- Step # Ten: Bolts naturally attach the trolling motor to the boat or mounting bracket. Securing the motor with bolts ensures that it will stay in place and not move around during operation or when encountering rough waters.
Furthermore, bolts allow easy and secure motor detachment for maintenance or storage.
- Step # Eleven: We followed the manufacturer’s instructions cautiously while connecting the power cables from the motor to our boat’s battery.
- Step # Twelve: It’s mandatory to Talk to a professional or follow the product guide to avoid any damage or safety hazards.
- Step # Thirteen: Next, we turned on the motor and adjusted the speed to see how it performed. We were pleased that the motor runs smoothly and provides good speed and control.
- Step # Fourteen: Later, Alex took the Canoe out for a test run to see how it was handled and was happy with the results.
- Step # Fifteen: We tested the battery before going to the sea to ensure it was secured. Your inspection also guarantees to prevent the motor battery from moving around in the Canoe.
- Step # Sixteen: Overall, the bow-mounted bracket method provides a sturdy and secure mount for the motor, with the added benefit of better maneuverability and control.
- Step # Seventeen: While the installation involved more than the clamp-on mount method, we were pleased with the results and confident that the motor would perform well on future outings.
Editor’s Note: All the mentioned general instructions and steps vary for mounting a trolling motor on a Canoe on a specific model or brand. Moreover, adjusting the motor’s speed and direction is mandatory for confirming its good control.
Electric or Gas What Type of Canoe Motor will Best for You?
Well, we write for your assistance, yet, it ultimately depends on your primary necessities and likings.
Electric Trolling Motor
- These are typically quieter.
- Motorized Kayak is more environmentally friendly.
- It requires less maintenance than gas motors.
- They also tend to be lighter and more maneuverable, which can be advantageous if you navigate narrow waterways or areas with many obstacles.
- Additionally, anglers often favor electric motors because they create less disturbance in the water.
- Rod holders allow the angler to keep their fishing rod secure and in position while they operate the trolling motor or tend to other tasks on the boat.
- An electric motor will help with a special type of bass fishing and help avoid spooking fish.
- Gas canoe motors tend to be more powerful for Kayak fishing.
- It can propel a canoe at faster speeds.
- They can also run longer without needing to be recharged, making them a good option for extended trips or limited access to electricity.
- Conceivably, Gas motors may harm the surrounding environment as they are larger, creating more noise or emissions.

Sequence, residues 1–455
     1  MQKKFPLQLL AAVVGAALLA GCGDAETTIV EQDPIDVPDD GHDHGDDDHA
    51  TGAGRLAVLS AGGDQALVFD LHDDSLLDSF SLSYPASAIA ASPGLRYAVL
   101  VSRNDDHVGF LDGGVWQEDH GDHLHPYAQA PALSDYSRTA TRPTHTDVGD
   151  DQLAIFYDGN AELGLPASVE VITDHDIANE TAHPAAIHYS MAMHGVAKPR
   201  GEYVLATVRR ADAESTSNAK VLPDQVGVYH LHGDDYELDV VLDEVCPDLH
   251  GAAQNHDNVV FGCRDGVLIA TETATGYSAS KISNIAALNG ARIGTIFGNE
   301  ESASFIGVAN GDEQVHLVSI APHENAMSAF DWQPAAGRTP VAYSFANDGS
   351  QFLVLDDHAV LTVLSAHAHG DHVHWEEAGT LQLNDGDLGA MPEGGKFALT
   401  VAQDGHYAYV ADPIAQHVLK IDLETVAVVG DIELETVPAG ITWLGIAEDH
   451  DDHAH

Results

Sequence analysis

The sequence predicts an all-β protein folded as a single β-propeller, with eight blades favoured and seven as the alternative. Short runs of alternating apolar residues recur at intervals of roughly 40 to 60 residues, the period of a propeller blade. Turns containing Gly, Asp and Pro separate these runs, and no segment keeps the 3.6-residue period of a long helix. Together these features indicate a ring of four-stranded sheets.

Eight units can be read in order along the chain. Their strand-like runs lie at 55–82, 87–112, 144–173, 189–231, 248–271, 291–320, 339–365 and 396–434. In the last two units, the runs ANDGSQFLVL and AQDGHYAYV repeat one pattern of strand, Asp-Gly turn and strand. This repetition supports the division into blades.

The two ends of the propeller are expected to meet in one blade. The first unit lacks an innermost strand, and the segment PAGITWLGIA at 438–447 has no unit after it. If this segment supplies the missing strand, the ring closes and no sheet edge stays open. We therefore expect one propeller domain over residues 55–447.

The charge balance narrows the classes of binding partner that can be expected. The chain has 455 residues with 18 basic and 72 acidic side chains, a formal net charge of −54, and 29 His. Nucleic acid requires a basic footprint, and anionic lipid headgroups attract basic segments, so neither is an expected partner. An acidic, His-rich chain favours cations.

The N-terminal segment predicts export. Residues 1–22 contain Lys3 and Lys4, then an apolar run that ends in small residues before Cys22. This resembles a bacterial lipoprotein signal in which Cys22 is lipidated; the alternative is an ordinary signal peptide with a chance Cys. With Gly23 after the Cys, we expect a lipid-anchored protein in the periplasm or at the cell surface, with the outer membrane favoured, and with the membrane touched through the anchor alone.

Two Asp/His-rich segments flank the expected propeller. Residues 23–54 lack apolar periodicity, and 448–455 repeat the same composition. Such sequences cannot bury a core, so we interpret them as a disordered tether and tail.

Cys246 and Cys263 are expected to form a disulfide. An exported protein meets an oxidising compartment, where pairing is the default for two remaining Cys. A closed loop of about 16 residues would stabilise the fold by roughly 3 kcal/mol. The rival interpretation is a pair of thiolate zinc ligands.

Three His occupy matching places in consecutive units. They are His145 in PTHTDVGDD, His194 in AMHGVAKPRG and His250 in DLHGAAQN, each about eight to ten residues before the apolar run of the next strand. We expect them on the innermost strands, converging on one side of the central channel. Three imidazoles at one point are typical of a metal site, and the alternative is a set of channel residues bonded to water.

Frequently Asked Questions
Question 01: What Size Trolling Motor We Picked?
Answer: No wonder picking the actual size of a trolling motor depends on the size and weight of your desired boats.
We followed to have on behalf of one hundred pounds of the boat weight, and the motor should be a minimum of two pounds of thrust.
We recommend you also consider the type of water you’ll be navigating and the conditions you expect to encounter.
Question 02: How many hours can a trolling motor run?
Answer: The number of hours a trolling motor can run depends on several factors, including the battery capacity, the speed setting, and the conditions in which it is used.
Typically, a fully charged trolling motor battery can last 4-6 hours at full speed and up to Ten or more at lower speeds.
It’s always best to carry an extra battery or a charger when going out for extended periods to ensure you don’t run out of power while on the water.
Question 03: Why foot pedal is needed on a trolling motor?
Answer: A foot pedal is needed on a trolling motor because it allows the user to control the speed and direction of the motor with their foot, leaving their hands free for other tasks such as fishing or navigating.
The foot pedal provides a convenient and efficient way to operate the trolling motor, making it easier to maneuver the boat and adjust the speed.
Question 04: How are PVC pipes connected to the trolling motor?
Answer: PVC pipes can be connected to a trolling motor with U-Bolts or other clamps that secure the pipe to the motor housing, allowing for improved maneuverability, stability, and protection from underwater hazards.
Adding a trolling motor to a canoe can affect its stability, but it depends on the Canoe’s size and the trolling motor’s size.
If the Canoe is large enough to handle the additional weight, and the trolling motor is installed properly and balanced, the Canoe should remain stable.
Before mounting a trolling motor on a Canoe, it’s important to distribute weight evenly and test the stability at low speeds before going at full speed.